The guy said he’d go back and see what he could find.
He came back with two more and I didn’t even have to go to the truck to see how badly they were distorted. I told him I was sorry to cause so much trouble and asked him to take them back and have them adjust my bill.
Later last evening I went to the big box store ten miles up the road and found a stack of plywood with the A side so pretty it needed no repair plugs at all and the C side was almost as nice, except it wasn’t sanded as all “A” face plywood should be.
It was ten dollars a sheet cheaper than the unacceptable wood my neighbor was selling!
I guess I should have let my fingers do the walking!

And Now, the Subtext

Selling anything to the public requires management skills. Having the right goods at the best possible competitive price is paramount to keep a good reputation in your community and in your industry. In the past, I worked for quite a few retail businesses and a few industrial firms in the capacity of management and purchasing. I know how hard it can be to do those jobs. But I also know that one must do the job well or the business will suffer.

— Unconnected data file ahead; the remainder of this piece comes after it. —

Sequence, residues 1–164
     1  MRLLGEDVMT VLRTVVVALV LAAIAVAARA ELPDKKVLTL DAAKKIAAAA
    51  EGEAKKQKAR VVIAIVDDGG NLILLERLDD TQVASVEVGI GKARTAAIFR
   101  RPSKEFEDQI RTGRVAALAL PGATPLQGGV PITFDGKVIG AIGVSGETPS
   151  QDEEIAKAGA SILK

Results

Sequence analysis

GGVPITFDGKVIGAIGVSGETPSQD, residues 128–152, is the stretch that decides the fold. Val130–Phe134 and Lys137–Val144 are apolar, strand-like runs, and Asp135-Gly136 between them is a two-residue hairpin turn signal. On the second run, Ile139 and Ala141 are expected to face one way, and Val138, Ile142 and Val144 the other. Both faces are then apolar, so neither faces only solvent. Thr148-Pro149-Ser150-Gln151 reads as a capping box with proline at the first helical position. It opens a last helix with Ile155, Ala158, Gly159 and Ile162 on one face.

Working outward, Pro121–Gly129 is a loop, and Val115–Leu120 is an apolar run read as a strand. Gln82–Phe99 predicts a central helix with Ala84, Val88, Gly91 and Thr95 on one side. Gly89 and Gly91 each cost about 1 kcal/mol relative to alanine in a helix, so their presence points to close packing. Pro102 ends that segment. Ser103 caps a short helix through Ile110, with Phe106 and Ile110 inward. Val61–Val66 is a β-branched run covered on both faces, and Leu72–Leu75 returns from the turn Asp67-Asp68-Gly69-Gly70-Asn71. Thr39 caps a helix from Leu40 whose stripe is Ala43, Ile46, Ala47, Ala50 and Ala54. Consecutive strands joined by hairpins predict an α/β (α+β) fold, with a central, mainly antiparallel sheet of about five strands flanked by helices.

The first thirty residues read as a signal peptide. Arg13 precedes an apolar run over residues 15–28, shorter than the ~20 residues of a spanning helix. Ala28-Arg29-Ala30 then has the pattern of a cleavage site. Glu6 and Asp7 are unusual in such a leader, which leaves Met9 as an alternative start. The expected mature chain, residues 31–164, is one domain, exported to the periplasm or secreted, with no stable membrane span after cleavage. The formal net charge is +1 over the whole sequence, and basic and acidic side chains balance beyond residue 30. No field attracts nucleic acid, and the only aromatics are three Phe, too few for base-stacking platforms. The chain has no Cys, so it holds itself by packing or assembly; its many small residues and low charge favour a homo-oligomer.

Disappointing one customer can lead to the loss of other business. The worst part is that a manager never knows how much is lost because the customers who go elsewhere usually don’t announce their departure. They just go.
I wish I could buy more from my neighborhood lumberyard. They have nice #2 lumber and the quarter inch Luan is good enough, but when building paint grade cabinets I need good plywood.
They also don’t carry MDF (medium density fiberboard). They suggest particle board.
I wouldn’t build a chicken house with particle board!

One day, soon, I’ll write about Left Brain versus Right Brain management.


-- No trees were damaged in posting this message, but thousands of electrons were seriously inconvenienced.

6 comments so far

View chrisstef's profile


18129 posts in 4061 days

#1 posted 08-25-2010 02:57 PM